LAST weekend I ate a cricket on national television. Based on my statistical analysis of presidential polls, I made a bet that if Donald J. Trump won more than 240 Electoral College votes, I would chow down. Like millions of voters in both parties, I was surprised by the outcome. As a consolation, I’d like to learn what went wrong — and to figure out how pollsters might do better when they puzzle over our polarized electorate.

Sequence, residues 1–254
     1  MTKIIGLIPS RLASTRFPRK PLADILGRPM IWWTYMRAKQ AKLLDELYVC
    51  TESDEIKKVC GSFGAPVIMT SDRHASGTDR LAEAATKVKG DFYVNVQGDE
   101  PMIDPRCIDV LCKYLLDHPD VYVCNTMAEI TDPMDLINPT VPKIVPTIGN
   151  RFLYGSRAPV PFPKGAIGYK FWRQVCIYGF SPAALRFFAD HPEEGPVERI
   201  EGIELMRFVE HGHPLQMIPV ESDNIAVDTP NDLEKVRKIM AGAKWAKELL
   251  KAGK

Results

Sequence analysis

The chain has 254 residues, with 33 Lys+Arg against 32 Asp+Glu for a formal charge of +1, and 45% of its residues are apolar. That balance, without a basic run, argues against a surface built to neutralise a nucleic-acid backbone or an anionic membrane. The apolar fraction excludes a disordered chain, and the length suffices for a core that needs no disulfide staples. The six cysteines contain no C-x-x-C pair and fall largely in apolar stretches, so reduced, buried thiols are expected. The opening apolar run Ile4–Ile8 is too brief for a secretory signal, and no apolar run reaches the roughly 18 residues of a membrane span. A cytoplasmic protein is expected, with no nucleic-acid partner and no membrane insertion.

Data-based websites, from Facebook on down, have a responsibility to convey accurate information. In this regard, I owe an apology to readers of the Princeton Election Consortium, which I publish. My primary purpose was to show people where to put their campaigning energies by revealing which races were on a razor’s edge. I advised my readers to focus on close Senate races in states where the presidential race was also close. But I also reported an extremely high probability that Hillary Clinton would win, which was published by The New York Times alongside its own model.